Big black bear attack! culture of life news gas vs electric oven

We have permission to shoot bears after three bears attacked us last year. They busted up my fence in several places, crashing through. Back then, I was without a dog so I barked at the bears which sent them away. Today, the son of the bear bitch who came last year stopped in to visit us. This time, we used a .22 to get him moving along.

Then we also had Sparky, the Austrian Haflinger stallion. He could chase off multiple bears, he was brave, strong and had sharp, big hooves and loved to fight. But this story illustrates why we have guns. We have no police out here in the countryside.

People who live in cities think weapons are evil and they are evil in the hands of criminals, goof-offs, foolish people, jealous people, and so forth. But living in the countryside, we use guns as tools and use them fairly frequently, not just for hunting.

This are tools just like trucks, which can be used in terror attacks, are tools. And knives are tools and can be used to kill many people. This is the price we pay for living on this planet. We live with governments that have nuclear arsenals and many weapons and these are used stupidly way too often.

The story, by the way, that Assad stupidly used ‘gas bombs’ on ‘civilians’ has been shown to be a total hoax created by people who hate Assad and lies about this matter were used to scare Trump and the US public into supporting an illegal attack on Syria.

Sigh. More war crimes and a grave misuse of weapons. The bear really was going to attack us, he went all the way around my 6 foot tall fence to find the only gate that was open and entered it and was walking straight towards me when we shot at him.

Or maybe trophy hunting is a way that some people strain to resolve the tension between their own subjective sense of alienation from nature, and their deeper, underlying bond with not only nature, but more specifically with other animal species, especially mammalian ones, which can never be fully lost– even among the most “civilized” of us. That trophy hunters should be mostly men also isn’t surprising, given that the male psyche, for both better and worse, seems more prone to the type of detachment from body and nature that then feels compelled to resolve itself in this manner. That’s in addition to all of the atavistic instincts that can fuel the male psyche, of course. But these same atavistic instincts can also fuel a nostalgia of longing to reestablish our seemingly lost bond with nature, and which can at the same time distort and pervert the means by which we do so.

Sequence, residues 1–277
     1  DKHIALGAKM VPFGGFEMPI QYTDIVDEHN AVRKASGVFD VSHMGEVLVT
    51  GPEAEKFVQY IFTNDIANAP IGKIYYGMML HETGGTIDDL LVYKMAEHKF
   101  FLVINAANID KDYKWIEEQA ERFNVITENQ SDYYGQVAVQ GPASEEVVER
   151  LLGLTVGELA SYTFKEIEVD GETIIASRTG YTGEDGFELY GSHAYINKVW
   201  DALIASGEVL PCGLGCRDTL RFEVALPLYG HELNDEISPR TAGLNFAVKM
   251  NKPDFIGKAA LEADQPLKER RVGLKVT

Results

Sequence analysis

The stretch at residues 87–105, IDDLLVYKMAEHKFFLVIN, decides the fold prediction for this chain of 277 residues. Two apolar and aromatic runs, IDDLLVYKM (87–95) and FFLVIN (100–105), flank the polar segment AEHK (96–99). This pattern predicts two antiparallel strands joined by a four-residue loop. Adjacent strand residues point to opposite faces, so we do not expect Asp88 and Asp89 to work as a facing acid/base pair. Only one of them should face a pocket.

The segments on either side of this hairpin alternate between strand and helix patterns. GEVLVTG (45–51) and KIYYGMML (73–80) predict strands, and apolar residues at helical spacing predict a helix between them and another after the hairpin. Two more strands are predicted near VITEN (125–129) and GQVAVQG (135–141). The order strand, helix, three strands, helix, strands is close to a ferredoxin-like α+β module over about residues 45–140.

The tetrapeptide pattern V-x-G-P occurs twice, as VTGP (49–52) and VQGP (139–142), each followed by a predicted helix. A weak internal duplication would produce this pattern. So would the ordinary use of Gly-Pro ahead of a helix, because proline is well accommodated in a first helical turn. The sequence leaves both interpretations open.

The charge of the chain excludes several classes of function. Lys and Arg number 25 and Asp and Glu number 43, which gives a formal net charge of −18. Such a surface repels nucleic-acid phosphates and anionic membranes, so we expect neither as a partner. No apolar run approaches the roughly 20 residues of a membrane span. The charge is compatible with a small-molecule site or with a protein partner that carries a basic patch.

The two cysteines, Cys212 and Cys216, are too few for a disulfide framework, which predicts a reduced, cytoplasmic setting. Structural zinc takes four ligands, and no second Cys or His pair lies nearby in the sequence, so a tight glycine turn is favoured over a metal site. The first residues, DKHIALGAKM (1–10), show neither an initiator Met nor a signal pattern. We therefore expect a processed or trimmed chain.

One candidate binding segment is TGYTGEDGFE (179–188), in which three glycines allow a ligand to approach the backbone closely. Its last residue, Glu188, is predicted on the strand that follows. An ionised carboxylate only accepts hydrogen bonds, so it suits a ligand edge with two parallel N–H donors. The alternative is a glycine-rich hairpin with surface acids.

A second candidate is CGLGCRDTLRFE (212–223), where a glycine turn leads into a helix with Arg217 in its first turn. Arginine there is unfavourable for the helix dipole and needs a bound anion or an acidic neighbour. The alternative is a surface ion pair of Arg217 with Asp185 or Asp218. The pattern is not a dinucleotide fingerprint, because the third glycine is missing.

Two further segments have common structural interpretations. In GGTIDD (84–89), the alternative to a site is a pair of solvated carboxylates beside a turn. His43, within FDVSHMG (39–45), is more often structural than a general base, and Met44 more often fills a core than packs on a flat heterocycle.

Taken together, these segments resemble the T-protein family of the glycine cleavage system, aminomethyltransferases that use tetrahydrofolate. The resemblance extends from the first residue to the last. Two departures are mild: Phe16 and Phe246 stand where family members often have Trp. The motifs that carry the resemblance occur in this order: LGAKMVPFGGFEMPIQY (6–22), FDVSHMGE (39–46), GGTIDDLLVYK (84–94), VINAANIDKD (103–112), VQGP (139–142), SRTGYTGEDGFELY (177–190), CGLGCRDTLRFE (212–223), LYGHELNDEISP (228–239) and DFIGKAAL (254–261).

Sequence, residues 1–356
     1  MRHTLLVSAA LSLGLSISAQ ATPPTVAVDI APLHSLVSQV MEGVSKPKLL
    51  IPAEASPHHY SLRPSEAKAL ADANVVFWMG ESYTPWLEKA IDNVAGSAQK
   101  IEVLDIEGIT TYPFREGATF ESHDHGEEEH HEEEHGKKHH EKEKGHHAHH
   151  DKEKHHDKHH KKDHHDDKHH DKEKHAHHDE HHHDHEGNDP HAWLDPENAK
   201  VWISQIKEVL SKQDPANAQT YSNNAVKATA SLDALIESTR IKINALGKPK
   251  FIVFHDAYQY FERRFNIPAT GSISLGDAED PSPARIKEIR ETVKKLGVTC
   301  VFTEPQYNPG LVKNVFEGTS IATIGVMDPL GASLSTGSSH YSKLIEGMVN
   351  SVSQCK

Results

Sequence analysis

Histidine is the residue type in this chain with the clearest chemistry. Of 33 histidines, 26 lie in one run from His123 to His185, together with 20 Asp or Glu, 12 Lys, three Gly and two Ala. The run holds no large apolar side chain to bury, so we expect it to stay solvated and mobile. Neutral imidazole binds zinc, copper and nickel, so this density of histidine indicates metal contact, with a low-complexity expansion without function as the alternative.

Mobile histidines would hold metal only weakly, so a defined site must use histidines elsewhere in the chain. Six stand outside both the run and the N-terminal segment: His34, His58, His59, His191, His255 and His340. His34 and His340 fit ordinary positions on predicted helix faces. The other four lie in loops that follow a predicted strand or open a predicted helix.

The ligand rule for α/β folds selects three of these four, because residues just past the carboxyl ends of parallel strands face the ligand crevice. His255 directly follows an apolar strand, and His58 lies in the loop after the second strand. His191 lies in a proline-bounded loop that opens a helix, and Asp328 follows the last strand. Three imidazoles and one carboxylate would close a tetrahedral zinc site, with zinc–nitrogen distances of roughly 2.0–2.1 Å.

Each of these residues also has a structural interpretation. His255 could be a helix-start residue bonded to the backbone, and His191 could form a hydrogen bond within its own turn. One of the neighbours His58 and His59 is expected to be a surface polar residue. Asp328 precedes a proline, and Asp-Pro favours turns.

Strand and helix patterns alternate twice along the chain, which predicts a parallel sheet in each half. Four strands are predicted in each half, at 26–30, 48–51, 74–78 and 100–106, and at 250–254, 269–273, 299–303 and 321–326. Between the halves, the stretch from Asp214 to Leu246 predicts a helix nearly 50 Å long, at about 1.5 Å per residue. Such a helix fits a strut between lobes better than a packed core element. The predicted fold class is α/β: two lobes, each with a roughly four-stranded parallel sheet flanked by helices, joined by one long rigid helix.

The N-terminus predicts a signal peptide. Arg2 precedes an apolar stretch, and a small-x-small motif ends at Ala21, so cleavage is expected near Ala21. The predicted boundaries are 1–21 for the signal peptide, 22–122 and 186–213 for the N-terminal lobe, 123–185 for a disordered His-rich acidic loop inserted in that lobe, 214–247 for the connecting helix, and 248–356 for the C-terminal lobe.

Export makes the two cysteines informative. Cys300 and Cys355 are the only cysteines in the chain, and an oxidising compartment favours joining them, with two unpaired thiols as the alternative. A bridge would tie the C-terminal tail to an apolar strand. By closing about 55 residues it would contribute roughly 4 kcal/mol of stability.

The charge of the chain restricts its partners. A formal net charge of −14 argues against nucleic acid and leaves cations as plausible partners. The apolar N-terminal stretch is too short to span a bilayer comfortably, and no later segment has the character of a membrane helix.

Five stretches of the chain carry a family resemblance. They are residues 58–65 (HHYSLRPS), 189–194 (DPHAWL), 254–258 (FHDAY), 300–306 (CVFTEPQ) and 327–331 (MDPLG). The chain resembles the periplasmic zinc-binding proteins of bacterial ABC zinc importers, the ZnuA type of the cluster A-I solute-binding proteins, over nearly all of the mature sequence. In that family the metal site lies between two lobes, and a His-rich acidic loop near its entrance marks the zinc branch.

As a side note, the hunters whom I know all abide by the “if you kill it, eat it” ethic, and share a basic contempt for trophy collectors, a principle which can extend to the fate of nations: http://bigthink.com/paul-ratner/the-crazy-story-of-how-archduke-franz-ferdinand-personally-killed-almost-300000-animals

Oddly enough, my own experience with black bears is that it’s the largest ones who are the most timid in the face of human encounters, and who will bolt the moment they see you. Maybe that’s how they grew up to be large in the first place 🙂 But as the current jargon has it, YMMV.

I don’t know. I guess if someone wants to spend $35,000 to go to Africa and hunt a Cape Buffalo or a Lion, that’s fine. First off, how many people actually have that kind of money to blow on Hunting trips? And if part of that hunting fee goes to Conservation, the net result is a good one. And in the US, hunters pay outrageous amounts of money bidding on the right to hunt for Bighorn sheep. The videos can make hunting seem a little bloodthirsty, but we are all bloodthirsty when you think about it. I always remember this line about hunting versus not hunting. The anti hunter always makes the claim at how unfair hunting is by asking, “So what kind of a gun does a Deer/Elf/Bear, etc., use to defend itself (against hunters)? The hunter’s answer? “The same one a Cow/Chicken/Pig uses! Before ya grill it, ya gotta kill it and if the animal lovers want something to REALLY protest against as far as cruelty to animals, they ought to check out the ways animals are butchered in meat processing plants.

World famous wildlife biologist Vince Crichton was renowned for his encyclopedic knowledge of moose. Early in his career he conducted moose surveys, where they would tranquilize a moose from helicopter, land, then conduct the survey while the moose was incapacitated.

Once the survey was complete with animal measurements, blood sample, tagging etc., Vince would wait until the animal was recovering, and as it rose he would leap upon its back. The moose would invariably depart in a gallop heading for the nearest tree to knock this interloper off of its back! I met Vince in the ’90’s and viewed many videos of Vince doing this and many times he suffered a few bruises in the process, including being knocked off by a stout tree branch. 🙂

The most dramatic video was taken when Vince was in vicinity of a cow with calf. The cow became nervous with his proximity and attacked him. Seeing a 400 pound animal repeatedly pound a man into the bog with its hooves was horrific: Vince’s back later was one huge, continuous bruise. The only thing that prevented the cow from killing him was the bog-swamp terrain which permitted the animal to drive Vince through the spongy surface, thus absorbing some energy from the blows.